Assistant Director (Dublin, Ireland) Recent: Trouble in Tahiti, Glimmerglass Festival; Trial by Jury, Wexford Festival; Maria de Buenos Aires, Cork Opera House. As Assistant Director: Madama Butterfly, Candide, Glimmerglass Opera; Silent Night, Cristina Queen of Sweden, Wexford Festival; Nixon in China, Wide Open Opera Upcoming: Tirso e Clori, Northern Ireland Opera, Royal Irish Academy of Music w w w. o p e ra s a . o r g

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Alan Burrett

Lighting Designer (London, UK) Recent: Tristan and Isolde, The Dallas Opera; Fidelio, Seattle Opera; Madama Butterfly, The Glimmerglass Festival; Simon Boccanegra, Opera of Rome; Xerxes, Vienna State Opera; Billy Budd, Los Angeles Opera; La traviata, Los Angeles Opera; Head of lighting design program at University of California, San Diego

Stephanie Williams

Wig and Make-Up Designer (New Braunfels, TX) Recent​: Charlie Parker’s Yardbird, Don Giovanni, Ainadamar, Opera Philadelphia, (Key Makeup Artist); Il segreto di Susanna/La voix humaine, Salome, Fantastic Mr. Fox, OPERA San Antonio (Designer/Dept. Head); Fidelio, Carmen, The Impresario/ Le Rossignol, Dr. Sun Yatsen, Don Pasquale, Santa Fe Opera (Assistant Dept. Head) Upcoming: The Elixir of Love, Opera Philadelphia

W here

R ivers

Meet

Where Rivers Meet is a performance and education project that culminates in a world première: a triple bill of the Japanese noh play Sumida River; Song of the Yanaguana River, by 2015 Poet Laureate of Texas Carmen Tafolla; and Benjamin Britten’s one-act opera Curlew River.

Before the Performances Exhibit

Through November 8, Marie Swartz Art Resource Center, Central Library, San Antonio Arts of Noh: An Exhibit for “Where Rivers Meet”

Lecture

September 3 (Thursday), 6:30 p.m., Chiego Lecture Hall, McNay Art Museum Operatic Japan: From Noh Theater to Madama Butterfly (with Dr. Kevin Salfen and Jubilith Moore), cosponsored by Opera San Antonio

Film Series: Water Masks, Water Songs

September 29 (Tuesday), 6:15-8:45 p.m. Central Library, San Antonio A River Runs through It; introductory talk by Dr. Jeff Crane (UIW) October 4 (Sunday), 2-5 p.m. Prassel Auditorium, Witte Museum The Unforeseen; panel discussion moderated by Dr. Jeff Crane (UIW), cosponsored by Green Spaces Alliance October 23 (Friday), 5:00-7:30 p.m. UC Auditorium, UTSA Night Mail and Beau travail (double feature); introductory talk by Dr. Kevin Salfen (UIW); cosponsored by Opera San Antonio October 24 (Saturday), 3:00 p.m. DoSeum Ponyo; associated interactive events for children and parents led by Jubilith Moore and master mask-maker Hideta Kitazawa, cosponsored by St. Luke’s School October 25 (Sunday), 2-5 p.m. Auditorium, LRTF Building, San Antonio College The Men Who Tread on the Tiger’s Tail and Late Spring, (double feature); introductory talk by Dr. Linda Ehrlich (Case Western Reserve University) October 30 (Friday), 6:00-9:30 p.m. Rosenberg Sky Room, UIW The River; dinner, guest lecture by Dr. Linda Ehrlich (Reservations required; please visit our website), cosponsored by Asian Studies, UIW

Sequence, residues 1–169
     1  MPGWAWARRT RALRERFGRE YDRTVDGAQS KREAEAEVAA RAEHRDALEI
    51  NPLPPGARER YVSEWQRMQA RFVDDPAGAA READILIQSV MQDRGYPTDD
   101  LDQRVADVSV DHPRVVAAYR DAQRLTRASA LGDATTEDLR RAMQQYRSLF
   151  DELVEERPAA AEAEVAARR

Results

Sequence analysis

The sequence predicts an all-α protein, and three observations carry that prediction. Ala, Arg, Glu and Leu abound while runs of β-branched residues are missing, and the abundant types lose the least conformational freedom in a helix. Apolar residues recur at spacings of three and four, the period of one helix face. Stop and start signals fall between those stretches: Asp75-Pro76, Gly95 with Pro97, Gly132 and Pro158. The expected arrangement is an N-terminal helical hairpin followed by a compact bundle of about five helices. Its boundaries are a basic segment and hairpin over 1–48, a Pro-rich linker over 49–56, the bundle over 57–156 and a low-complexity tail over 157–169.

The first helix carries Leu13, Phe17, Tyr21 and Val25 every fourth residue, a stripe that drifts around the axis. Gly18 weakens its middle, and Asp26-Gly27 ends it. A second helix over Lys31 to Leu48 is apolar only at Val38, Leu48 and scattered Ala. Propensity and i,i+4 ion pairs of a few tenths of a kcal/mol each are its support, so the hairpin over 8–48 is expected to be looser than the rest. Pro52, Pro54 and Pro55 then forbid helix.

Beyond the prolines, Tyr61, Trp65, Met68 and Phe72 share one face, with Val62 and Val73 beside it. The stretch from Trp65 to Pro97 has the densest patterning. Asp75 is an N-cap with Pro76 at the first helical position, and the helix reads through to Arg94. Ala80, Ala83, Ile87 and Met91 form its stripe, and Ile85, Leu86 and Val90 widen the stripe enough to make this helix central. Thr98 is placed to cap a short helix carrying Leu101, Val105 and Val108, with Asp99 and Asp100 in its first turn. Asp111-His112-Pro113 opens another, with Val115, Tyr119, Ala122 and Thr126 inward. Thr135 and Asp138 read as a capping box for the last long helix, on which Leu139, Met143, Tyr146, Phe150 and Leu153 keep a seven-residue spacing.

October 29-November 1: Where Rivers Meet Symposium (UIW)

October 29 (Thursday), 7:30 p.m. Concert hosted by Composers Alliance of San Antonio

For full symposium schedule, including sessions on the making of Song of the Yanaguana River with Carmen Tafolla and costume designer Margaret Mitchell, visit the UIW website.

The Performances

•November 3 (Tuesday) •November 5 (Thursday) •November 6 (Friday) •November 8 (Sunday)

7:30 p.m. 7:30 p.m. 7:30 p.m. 3:00 p.m.

Dougherty Arts Center, Austin University of the Incarnate Word St. Luke’s Episcopal Church Asia Society Texas Center, Houston

For tickets and a full schedule of educational events leading up to performances, please visit our website: http://www.uiw.edu/music/whereriversmeet.html

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OPERA San Antonio


This fall in South Texas, three rivers converge. . .

Sumida River the classic Japanese noh play performed in English

Song of the Yanaguana River new interlude by Texas Poet Laureate Carmen Tafolla

Curlew River Benjamin Britten’s one-act opera on loss and redemption

November 3, 2015, 7:30 p.m. Dougherty Arts Center, Austin November 5, 2015, 7:30 p.m. Univ. of the Incarnate Word, San Antonio

Wh ere

Riv ers

M eet

November 6, 2015, 7:30 p.m. St. Luke’s Episcopal Church, San Antonio November 8, 2015, 3:00 p.m. Asia Society Texas Center, Houston

For tickets and a full schedule of educational events leading up to performances, please visit our website: http://www.uiw.edu/music/whereriversmeet.html

w w w. o p e ra s a . o r g

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OPERA San Antonio Staff Opera San Antonio Staff Chairman and General Manager Mel Weingart Director of Administration and Education Rhanda Luna Assistant to the Director of Administration and Education Administrative Intern, Trinity University Lydia Benedict Administrative Assistant Cecille Martinez Finance Assistant Laurel Watts Production and Administrative Assistant Lilly Canaria

OPERA San Antonio is supported by The City of San Antonio’s Department for Culture and Creative Development

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OPERA San Antonio | 417 8th Street | San Antonio, Texas 78215 | (210) 673-7270

OPERA San Antonio


OPERA San Antonio Madama Butterfly 2015  

Printed Program

OPERA San Antonio Madama Butterfly 2015  

Printed Program